That the outlook for Canada is so dismal should surprise no one. In the first place, the performance of the past eight years has been pretty awful. The fiscal policies that produced these awful results have become more awful; why should economic outcomes improve? In the second, productivity growth is driven by business investment. What encourages long-term business investment is light and predictable taxation and regulation. Over the past eight years, however, Canadian taxation and regulation have been overbearing and unpredictable.
Economic policy is today determined by a cynical government’s reading of populist sentiment among its voters, instead of careful reasoning. Heavy borrowing along with higher interest rates that, in turn, will increase government debt-servicing costs, have increased uncertainty about future taxation. Industries or companies perceived to be too profitable are singled out for political demonization and special taxation.
The result is that businesses and entrepreneurs are reluctant to invest in Canada. As numerous studies have documented, business investment in Canada was not strong even in 2015. But over the past eight years, things have gone from bad to worse to ugly. As a C.D. Howe Institute study last year concluded, “Since 2015 Canada’s stock of capital per available worker has been declining and its rate of gross investment per worker has been well below that in the United States and other OECD countries.”
Indeed, the latest data show that from the third quarter of 2015 through the second quarter of 2023, the change in real business investment (in non-residential structures, machinery, equipment and intellectual property) relative to labour force growth has been an 11.0 percent increase in the United States versus a 4.2 percent decline in Canada.
Climate Targets: Targeting Economic Losses
Considerable economic harm and discouragement of new business investment has been caused by the Liberals’ enthusiasm for climate-related policies. A 2021 Fraser Institute study by Ross McKitrick and Elmira Aliakbari estimated that the federal carbon tax would cut Canada’s GDP by 1.8 percent by 2030. That will mean approximately $60 billion in foregone economic activity per year. Adding to the damage: over $120 billion in climate change spending by the Liberals to date, many billions of dollars more in future spending, a forthcoming ban on the sale of gasoline-powered cars, and sundry other regulatory initiatives. And still the Liberals are intent on making things much worse.
In June Jonathan Wilkinson, the federal Minister of Natural Resources, commented on the Canada Energy Regulator’s report on achieving net-zero emissions by 2050, saying that, “Canada faces a choice: we can either lead in seizing the historic economic opportunities associated with building a global net-zero economy, or we can let them pass us by, with all the attendant consequences of being a late mover. I strongly believe that Canada must lead: we must build a net-zero economy.”
Some opportunity! The regulator’s projections show that relative to the “current measures” baseline – a baseline already stuffed full of economically harmful policies – the push for net-zero would, among its many effects, increase inflation, reduce commercial floor space, slightly shrink average home sizes and materially reduce incomes.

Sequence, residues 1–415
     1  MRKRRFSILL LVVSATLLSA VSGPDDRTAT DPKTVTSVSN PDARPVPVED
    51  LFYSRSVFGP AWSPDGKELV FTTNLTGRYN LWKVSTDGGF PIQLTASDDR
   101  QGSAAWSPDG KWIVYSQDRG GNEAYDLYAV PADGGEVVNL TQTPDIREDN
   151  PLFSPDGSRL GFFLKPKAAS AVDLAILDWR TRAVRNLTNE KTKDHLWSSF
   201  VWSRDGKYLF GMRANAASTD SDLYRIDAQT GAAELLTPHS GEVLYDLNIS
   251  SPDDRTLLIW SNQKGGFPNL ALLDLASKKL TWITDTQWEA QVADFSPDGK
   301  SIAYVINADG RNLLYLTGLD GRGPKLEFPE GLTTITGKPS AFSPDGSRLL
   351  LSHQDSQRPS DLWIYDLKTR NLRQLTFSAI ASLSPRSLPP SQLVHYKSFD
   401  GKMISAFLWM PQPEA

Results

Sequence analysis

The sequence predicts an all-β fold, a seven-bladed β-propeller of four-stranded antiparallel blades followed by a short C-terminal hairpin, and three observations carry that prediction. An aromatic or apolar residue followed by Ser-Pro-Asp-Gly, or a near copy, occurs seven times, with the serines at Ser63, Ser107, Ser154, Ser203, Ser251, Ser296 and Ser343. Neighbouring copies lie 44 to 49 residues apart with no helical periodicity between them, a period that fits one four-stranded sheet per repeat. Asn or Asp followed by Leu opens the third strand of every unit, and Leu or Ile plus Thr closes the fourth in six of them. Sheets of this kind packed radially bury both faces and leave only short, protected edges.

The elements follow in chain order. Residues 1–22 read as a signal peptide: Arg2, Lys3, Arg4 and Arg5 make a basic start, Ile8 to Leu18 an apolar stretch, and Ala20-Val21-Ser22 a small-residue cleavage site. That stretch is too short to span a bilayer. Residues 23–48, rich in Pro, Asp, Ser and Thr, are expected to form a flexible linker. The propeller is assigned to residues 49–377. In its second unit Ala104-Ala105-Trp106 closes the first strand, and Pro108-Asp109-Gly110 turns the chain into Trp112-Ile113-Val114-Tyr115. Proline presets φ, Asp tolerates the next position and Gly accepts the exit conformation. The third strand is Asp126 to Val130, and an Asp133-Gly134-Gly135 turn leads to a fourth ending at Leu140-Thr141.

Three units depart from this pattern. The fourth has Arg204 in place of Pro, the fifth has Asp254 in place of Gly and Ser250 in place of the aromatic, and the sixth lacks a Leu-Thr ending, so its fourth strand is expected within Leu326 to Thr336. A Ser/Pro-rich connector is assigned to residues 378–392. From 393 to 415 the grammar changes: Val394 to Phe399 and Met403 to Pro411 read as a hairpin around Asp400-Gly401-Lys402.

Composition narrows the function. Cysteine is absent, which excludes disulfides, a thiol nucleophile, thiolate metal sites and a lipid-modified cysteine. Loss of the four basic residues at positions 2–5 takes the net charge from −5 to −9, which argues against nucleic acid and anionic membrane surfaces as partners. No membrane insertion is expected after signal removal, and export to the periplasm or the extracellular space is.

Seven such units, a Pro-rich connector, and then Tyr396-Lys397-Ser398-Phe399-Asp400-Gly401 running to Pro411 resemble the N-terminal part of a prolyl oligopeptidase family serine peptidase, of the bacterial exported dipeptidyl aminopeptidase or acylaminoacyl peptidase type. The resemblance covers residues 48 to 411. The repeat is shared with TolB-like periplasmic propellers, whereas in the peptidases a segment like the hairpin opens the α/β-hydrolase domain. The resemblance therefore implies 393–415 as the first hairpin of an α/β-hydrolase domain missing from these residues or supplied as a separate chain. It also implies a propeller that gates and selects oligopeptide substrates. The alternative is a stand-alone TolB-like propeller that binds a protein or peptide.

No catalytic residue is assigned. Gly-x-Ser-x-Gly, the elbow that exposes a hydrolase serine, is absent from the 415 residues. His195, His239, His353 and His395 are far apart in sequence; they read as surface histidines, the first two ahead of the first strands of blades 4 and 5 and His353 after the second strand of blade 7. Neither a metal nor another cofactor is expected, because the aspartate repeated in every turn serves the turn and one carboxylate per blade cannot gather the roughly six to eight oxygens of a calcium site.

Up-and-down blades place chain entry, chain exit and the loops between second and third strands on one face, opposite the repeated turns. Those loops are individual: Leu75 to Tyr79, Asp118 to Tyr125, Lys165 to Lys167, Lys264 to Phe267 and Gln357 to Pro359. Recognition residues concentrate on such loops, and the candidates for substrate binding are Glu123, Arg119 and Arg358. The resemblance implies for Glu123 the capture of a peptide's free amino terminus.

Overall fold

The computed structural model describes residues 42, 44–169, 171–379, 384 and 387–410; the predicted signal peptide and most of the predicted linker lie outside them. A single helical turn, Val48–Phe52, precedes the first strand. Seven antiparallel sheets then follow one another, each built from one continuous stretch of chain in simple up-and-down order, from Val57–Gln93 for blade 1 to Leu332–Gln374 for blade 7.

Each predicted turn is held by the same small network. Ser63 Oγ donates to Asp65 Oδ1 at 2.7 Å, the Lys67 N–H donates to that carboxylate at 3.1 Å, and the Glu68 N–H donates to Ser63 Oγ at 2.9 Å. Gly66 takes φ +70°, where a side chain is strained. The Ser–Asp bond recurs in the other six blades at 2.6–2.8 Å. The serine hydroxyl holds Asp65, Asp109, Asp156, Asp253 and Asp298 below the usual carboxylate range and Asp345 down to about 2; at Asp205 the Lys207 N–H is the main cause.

Specifically, cumulative growth in real GDP per capita from 2022 to 2050 is projected to be 21.1 percent in the “current measures” scenario, 16.8 percent in the Canada net-zero scenario (which involves Canada but not other countries meeting their emissions commitments), and 12.1 percent in the global net-zero scenario (in which the rest of the world joins Canada in this impoverishing experiment).
Put another way: already having the worst economic outlook among all developed countries, pursuing net-zero emissions would eliminate an additional 20 percent to 40 percent of Canada’s projected growth. That the Liberals consider this a “historic economic opportunity” should not improve the equanimity of Canadians unhappy with their poor economic results of recent years and troubled about the economic outlook.
What the future holds: Having already been tagged with the worst long-term growth rate in the OECD, the Trudeau government’s net-zero plan will leave Canadians even worse off by eliminating an additional 20 percent to 40 percent of potential growth; pictured, a broken wind turbine in Kent Hills, New Brunswick from 2021. (Sources: (graph data) Canada’s Energy Future 2023, by Canada Energy Regulator; author’s calculations; (photo) Steve Shannahan/CBC)
Conclusion: Still Not Ready
On the heels of their September caucus retreat, and with their polling numbers in the dumpster – the result of inevitable backlash against their failed policies – the federal Liberals returned to the first parliamentary session of the fall and were promptly hammered for making life in this country less affordable than ever. Trudeau replied to these concerns with some mumbo-jumbo about Conservatives restricting abortion, denying climate change and planning to put assault weapons on the streets. He insisted the Liberals are “delivering real results.”
That the Liberal government’s results are real, no one doubts. That they are any good, no serious person can believe. Trudeau is governing with his eyes closed. After eight years, he is still not ready.
Matthew Lau is a Toronto writer specializing in economic and financial issues, and a regular contributor to the Financial Post.
All charts prepared by the author using indicated source materials.
Source of main image: Shutterstock.